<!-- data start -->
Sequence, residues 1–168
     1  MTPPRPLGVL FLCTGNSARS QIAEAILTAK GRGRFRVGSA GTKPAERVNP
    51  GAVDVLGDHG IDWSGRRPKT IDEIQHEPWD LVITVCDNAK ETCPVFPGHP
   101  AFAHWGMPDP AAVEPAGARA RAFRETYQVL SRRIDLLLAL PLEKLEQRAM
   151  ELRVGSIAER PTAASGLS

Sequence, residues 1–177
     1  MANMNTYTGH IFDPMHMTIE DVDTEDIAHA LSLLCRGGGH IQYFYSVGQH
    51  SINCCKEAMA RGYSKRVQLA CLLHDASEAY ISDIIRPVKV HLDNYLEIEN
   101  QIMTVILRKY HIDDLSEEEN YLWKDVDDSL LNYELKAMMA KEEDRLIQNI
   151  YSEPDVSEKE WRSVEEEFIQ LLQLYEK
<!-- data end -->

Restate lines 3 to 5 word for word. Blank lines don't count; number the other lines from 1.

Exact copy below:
    51  GAVDVLGDHG IDWSGRRPKT IDEIQHEPWD LVITVCDNAK ETCPVFPGHP
   101  AFAHWGMPDP AAVEPAGARA RAFRETYQVL SRRIDLLLAL PLEKLEQRAM
   151  ELRVGSIAER PTAASGLS